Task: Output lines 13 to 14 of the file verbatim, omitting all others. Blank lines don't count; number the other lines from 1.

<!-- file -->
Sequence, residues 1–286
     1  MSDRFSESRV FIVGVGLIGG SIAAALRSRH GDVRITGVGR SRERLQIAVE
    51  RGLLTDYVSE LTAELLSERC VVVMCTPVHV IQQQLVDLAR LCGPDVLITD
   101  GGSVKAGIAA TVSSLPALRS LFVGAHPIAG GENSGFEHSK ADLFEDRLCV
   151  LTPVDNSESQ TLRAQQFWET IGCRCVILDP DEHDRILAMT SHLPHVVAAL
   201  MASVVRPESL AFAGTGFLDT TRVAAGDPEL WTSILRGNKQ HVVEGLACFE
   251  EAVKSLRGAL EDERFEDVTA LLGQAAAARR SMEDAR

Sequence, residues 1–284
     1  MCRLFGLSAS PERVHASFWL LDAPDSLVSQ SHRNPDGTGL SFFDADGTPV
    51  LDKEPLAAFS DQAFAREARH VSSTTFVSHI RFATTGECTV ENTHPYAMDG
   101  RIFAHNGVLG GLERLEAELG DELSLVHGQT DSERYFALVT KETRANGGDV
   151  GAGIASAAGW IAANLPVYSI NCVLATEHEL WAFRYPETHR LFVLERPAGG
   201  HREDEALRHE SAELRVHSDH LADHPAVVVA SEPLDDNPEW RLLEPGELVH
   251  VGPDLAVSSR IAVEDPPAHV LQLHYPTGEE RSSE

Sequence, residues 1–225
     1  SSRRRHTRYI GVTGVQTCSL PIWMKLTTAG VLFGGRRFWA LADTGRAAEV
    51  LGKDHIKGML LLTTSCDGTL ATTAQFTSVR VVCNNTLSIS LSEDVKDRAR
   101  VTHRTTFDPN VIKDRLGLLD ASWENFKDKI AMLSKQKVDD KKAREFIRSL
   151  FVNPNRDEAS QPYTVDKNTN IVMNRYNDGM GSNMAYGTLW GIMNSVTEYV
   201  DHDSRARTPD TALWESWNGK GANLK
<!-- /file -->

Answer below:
   201  HREDEALRHE SAELRVHSDH LADHPAVVVA SEPLDDNPEW RLLEPGELVH
   251  VGPDLAVSSR IAVEDPPAHV LQLHYPTGEE RSSE